Before we begin a discussion proper about herbs, I thought the distinction needed to be made about how we define an “herb” and how we define a “spice.”
For years I’ve heard the definition that an herb was just a useful plant–and to be honest, that’s pretty much the definition I use. But it is not the definition the McCormick Science Institute uses.
So here, roughly paraphrasing, are the definitions of “Herb” and “Spice” from the McCormick Science Institute.
“Herb” is technically defined as a seed bearing plant with fleshy rather than woody parts. In other words, herbs are leaves, technically. This leaves us with a lot of gray areas. What do we do with lavender and rosemary, which definitely have woody parts? And what about a plant like cilantro/coriander, where the leaf (cilantro) is used but the seed (coriander) is also used?
The term “spice” refers to the dried part of any plant except the leaves–so this could be the seeds of coriander, the seed pods of other plants (think nutmeg or allspice or even star anise) or bark (like cinnamon).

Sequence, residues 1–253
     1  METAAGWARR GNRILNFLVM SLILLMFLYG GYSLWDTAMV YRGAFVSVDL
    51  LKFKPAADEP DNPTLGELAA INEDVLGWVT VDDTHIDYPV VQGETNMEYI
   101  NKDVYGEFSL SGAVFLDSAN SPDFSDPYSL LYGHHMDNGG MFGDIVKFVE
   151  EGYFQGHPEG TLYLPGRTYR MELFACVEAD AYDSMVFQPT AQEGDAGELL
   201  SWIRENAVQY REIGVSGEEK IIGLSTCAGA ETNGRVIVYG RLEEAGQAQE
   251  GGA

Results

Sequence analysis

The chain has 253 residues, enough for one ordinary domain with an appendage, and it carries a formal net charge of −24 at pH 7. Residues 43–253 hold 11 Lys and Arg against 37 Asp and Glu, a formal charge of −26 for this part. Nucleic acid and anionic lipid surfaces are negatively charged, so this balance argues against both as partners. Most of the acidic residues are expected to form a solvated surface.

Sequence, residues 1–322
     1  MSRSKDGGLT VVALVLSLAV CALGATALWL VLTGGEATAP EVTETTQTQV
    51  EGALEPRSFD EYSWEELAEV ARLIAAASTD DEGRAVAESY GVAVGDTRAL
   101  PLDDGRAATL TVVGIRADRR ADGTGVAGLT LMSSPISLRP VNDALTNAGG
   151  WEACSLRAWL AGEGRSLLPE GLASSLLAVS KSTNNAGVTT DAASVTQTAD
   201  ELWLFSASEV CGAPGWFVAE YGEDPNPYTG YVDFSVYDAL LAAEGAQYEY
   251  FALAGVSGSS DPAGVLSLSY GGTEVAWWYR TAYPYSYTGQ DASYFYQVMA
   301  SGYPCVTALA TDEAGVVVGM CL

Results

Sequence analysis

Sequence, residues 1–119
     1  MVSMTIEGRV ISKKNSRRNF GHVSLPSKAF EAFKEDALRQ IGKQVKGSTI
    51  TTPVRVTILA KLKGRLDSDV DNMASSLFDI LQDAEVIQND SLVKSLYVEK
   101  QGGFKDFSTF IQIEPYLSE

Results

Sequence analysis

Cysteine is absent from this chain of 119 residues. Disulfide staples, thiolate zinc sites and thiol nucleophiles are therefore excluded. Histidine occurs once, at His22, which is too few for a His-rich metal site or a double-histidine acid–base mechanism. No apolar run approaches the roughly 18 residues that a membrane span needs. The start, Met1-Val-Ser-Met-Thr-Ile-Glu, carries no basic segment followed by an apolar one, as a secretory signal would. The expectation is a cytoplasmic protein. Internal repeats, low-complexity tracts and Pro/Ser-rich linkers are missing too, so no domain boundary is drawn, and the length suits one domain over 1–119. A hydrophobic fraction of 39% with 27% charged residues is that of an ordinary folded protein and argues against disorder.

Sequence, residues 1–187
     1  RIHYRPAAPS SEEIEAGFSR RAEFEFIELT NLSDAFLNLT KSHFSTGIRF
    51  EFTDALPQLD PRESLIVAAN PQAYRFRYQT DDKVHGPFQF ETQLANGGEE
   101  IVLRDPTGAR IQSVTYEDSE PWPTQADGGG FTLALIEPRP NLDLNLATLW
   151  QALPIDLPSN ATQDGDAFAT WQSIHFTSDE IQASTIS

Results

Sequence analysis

Is this distinction important to gardeners? Probably not. But it most likely means that for most of us, we will be growing primarily herbs instead of spices unless we are lucky enough to live in the tropics. (I do remember several conversations from my days of retail gardening about the vanilla orchid. It can be grown even here in the frozen northeast. But it’s not a very showy plant. And when folks learned that it takes a year to get one pod–and that they would need to hand-pollinate–the allure wore off very quickly unless the person was a dedicated orchid enthusiast!).
So armed with this trivia, decide on some of your favorite herbs–and I’ll be telling you about mine–which admittedly are some of the most common–over the next month.
One thing I will not be discussing is medicinal uses or even herbal lore. There is a lot of it out there, and science indicates that some herbs may have some health benefits.
But I am not a scientist or a medical doctor–and every time I even hint at a reputed benefit from herbs, some naysayer posts a comment. So to avoid all of that confusion, about the most controversial terms I hope you’ll see in the upcoming posts are going to be “perennial” and “full sun.”
It may be fairly boring to you seasoned gardeners out there–but at least it will keep the peace!